American Jewish World Service (AJWS) mourns the passing of our beloved founding donor, Larry Phillips—a visionary philanthropist who brought the dream of a Jewish organization dedicated to ending poverty and promoting human rights alive.
Phillips was the descendent of a classic Jewish American dream story—his great grandparents launched a small pushcart business, which grew each generation and is today the major fashion conglomerate Phillips-Van Heusen. Phillips used this legacy with generosity and compassion to extend the promise of a brighter future to millions around the world.
As a young CEO in the early 1980s, he had a strong Jewish identity and a natural humanitarian impulse. He joined the board of an international relief organization, yet felt isolated as the only Jewish trustee. He also noticed groups of other faiths doing global humanitarian work and wanted to see American Jews do the same.
“Part of the Hebrew tradition is that you’re supposed to spend a part of your life trying to repair the world,” Phillips explained. He dedicated the following years to this higher calling.
In 1985, he collaborated with Lawrence Simon, today a prominent professor of international development at Brandeis University, and launched a new organization called American Jewish World Service. “We owe our existence today,” says AJWS president Ruth Messinger, “to their passion, compassion and dedication to applying Jewish values toward building a more just and equitable world.”
Phillips served as AJWS’s earliest financial investor and first board chair. “It took a great deal of time,” Phillips said. “We slowly recruited dozens and then hundreds and then thousands of people who were interested in the cause philosophically and then monetarily.”
As AJWS grew, it began to send aid and support to some of the poorest countries in the developing world. With Phillips’ seed money AJWS was able to fund organizations creating economic opportunities for the “untouchable” Dalit caste in India; respond to the 1986 volcano disaster in Colombia; and promote new technology and methods for safely storing grain that helped small-scale farmers worldwide save their crops to stave off hunger. We are deeply indebted to Larry Phillips for laying the foundation for all of our work in the 30 years since.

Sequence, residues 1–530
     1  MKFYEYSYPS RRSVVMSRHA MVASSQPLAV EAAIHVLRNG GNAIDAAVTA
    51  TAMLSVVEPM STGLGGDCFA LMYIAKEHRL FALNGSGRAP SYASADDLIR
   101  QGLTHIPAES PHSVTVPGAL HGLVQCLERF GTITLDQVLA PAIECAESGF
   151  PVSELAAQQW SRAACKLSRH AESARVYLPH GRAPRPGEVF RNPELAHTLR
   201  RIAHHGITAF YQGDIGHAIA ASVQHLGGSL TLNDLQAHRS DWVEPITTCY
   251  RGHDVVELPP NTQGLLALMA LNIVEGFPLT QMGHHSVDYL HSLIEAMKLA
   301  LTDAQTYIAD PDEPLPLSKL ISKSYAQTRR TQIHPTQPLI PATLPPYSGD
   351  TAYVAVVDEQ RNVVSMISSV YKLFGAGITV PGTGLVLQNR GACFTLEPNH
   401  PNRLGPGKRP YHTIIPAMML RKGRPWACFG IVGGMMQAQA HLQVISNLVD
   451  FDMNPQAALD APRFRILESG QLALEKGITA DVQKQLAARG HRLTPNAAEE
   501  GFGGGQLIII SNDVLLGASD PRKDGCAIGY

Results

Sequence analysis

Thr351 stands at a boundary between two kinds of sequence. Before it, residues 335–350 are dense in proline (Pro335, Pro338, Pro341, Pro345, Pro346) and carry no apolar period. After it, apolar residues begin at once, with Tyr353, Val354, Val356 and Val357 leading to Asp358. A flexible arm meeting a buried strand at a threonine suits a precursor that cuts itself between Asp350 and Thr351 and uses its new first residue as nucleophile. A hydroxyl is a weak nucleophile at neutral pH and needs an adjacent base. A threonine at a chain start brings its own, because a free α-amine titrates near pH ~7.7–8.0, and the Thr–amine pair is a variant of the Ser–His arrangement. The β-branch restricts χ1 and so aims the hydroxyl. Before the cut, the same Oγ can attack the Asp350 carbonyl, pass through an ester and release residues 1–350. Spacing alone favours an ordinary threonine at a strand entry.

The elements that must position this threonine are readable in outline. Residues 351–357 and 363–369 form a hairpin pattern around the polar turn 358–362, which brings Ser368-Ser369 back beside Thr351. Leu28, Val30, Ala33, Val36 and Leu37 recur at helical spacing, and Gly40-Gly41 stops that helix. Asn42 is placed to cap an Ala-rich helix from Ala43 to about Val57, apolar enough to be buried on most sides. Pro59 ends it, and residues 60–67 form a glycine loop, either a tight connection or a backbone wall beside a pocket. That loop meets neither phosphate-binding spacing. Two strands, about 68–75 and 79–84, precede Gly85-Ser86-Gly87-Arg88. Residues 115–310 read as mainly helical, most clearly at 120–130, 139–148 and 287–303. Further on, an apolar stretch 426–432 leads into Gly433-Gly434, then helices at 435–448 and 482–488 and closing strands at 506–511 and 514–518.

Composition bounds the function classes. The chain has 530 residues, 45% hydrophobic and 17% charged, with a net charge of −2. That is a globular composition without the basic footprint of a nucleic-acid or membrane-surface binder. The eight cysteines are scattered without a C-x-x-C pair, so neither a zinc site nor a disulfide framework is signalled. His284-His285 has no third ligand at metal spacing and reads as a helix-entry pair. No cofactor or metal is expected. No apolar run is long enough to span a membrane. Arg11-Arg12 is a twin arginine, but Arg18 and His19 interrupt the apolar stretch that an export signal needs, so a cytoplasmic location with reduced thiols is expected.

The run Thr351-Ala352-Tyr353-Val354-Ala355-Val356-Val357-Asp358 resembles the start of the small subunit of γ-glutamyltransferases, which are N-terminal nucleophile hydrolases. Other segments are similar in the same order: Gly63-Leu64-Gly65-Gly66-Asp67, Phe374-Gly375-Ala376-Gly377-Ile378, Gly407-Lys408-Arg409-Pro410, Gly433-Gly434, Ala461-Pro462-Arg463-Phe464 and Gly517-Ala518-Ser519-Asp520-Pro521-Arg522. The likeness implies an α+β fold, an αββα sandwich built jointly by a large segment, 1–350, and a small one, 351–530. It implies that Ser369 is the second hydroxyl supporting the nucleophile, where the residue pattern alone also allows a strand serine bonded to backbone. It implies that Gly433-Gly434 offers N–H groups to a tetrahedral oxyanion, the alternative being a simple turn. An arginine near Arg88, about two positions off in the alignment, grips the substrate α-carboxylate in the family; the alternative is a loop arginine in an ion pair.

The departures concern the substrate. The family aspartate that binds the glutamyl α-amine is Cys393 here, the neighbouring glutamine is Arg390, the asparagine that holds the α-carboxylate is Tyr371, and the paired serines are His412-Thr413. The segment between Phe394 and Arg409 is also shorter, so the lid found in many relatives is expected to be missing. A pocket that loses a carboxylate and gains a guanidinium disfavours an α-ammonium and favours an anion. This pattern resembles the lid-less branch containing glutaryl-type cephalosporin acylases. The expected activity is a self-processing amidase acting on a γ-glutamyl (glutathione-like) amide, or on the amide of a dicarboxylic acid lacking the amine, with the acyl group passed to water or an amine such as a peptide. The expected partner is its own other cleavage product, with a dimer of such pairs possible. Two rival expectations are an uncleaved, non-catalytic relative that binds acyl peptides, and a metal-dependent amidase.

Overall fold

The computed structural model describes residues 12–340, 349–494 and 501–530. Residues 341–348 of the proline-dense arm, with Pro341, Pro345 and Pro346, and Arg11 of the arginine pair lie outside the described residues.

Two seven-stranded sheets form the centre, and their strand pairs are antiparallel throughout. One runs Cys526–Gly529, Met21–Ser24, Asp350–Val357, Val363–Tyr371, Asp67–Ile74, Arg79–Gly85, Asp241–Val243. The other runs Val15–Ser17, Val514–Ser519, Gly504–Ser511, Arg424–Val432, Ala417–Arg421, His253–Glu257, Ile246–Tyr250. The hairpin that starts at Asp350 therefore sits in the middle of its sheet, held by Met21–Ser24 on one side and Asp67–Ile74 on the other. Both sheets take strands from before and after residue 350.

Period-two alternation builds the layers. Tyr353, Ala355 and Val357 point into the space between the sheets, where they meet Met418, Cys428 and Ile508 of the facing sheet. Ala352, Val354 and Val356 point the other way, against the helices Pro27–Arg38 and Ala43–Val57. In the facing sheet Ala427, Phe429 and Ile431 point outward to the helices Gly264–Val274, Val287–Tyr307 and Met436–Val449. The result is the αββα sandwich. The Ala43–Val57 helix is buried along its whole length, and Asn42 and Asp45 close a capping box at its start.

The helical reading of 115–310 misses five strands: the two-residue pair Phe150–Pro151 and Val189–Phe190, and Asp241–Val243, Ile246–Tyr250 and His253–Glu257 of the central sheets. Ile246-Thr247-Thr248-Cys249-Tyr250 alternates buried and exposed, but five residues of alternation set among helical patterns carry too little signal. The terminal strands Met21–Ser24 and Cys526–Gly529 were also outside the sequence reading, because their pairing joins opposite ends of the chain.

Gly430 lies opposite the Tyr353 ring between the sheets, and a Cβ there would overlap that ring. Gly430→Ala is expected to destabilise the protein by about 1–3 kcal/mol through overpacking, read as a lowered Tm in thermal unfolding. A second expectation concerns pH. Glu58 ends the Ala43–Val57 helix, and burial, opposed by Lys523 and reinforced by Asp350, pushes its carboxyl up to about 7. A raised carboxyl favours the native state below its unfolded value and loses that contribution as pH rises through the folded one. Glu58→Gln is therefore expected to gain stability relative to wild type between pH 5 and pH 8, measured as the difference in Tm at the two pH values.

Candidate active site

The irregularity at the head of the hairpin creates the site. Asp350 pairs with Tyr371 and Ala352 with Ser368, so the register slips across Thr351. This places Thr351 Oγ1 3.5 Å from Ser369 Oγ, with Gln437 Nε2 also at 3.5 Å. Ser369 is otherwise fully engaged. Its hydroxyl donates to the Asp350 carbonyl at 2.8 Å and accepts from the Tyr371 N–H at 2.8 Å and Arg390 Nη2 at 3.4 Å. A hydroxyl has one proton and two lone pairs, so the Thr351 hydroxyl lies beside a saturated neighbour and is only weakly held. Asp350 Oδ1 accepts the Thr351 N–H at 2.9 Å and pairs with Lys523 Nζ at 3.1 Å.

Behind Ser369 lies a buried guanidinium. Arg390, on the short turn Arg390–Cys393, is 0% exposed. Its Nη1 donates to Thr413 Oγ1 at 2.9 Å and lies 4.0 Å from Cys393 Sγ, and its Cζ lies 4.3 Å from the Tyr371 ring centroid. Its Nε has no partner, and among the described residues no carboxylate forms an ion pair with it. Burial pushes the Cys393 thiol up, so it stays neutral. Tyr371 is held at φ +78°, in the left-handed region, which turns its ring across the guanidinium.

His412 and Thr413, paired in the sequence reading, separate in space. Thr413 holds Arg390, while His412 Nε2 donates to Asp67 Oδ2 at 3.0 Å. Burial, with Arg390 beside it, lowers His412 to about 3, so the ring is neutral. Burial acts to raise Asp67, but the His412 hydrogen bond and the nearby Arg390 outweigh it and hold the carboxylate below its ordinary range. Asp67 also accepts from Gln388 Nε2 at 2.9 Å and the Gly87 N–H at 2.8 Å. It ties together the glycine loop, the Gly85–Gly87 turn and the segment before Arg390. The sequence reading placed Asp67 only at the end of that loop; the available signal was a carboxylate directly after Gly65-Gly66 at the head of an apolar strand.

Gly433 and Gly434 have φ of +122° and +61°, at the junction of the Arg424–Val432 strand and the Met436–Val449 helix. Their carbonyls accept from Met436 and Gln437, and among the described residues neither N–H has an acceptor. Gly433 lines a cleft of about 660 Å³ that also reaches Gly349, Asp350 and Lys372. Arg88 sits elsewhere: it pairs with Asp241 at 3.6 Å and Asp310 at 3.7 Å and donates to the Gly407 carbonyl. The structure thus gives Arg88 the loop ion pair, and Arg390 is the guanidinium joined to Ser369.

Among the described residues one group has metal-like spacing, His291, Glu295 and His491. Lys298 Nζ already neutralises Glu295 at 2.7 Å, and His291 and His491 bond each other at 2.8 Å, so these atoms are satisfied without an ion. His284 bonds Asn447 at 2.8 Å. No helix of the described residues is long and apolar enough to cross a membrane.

In a video tribute created by AJWS, Phillips recalled that he was particularly proud that his organization distinguished itself from other humanitarian groups by supporting local people to create change—and doing so proudly and publicly as a Jewish organization, inspired by the obligation to repair the world—tikkun olam.
“This was funded by Jews primarily… but the work in the field was done by local people, and that’s what became important,” he said. “It’s not something you could impose from the outside. Working together with the people in the U.S. and the local people in each of those countries helped spur the idea and spurs it to this day.”
Throughout his life, Phillips remained a generous supporter of AJWS and served for many years on our board of trustees. He saw the world’s most pressing challenges as opportunities to apply his compassion and help others, and was never deterred by the enormity of the task.
“There is so much more hunger and poverty in the world,” he said. “We haven’t scratched the surface, but we’ve had, I think, considerable success.”
“Many philanthropists hope to make a difference,” says Ruth Messinger. “But Larry truly did. When he founded AJWS he didn’t just start an organization. He called for American Jews to come together to build a movement. Today we will continue to build our movement and respond to disasters, aid refugees, fight persecution and overcome poverty in his memory.”
Join us in honoring Larry Phillips by watching this video testament to his leadership and generosity.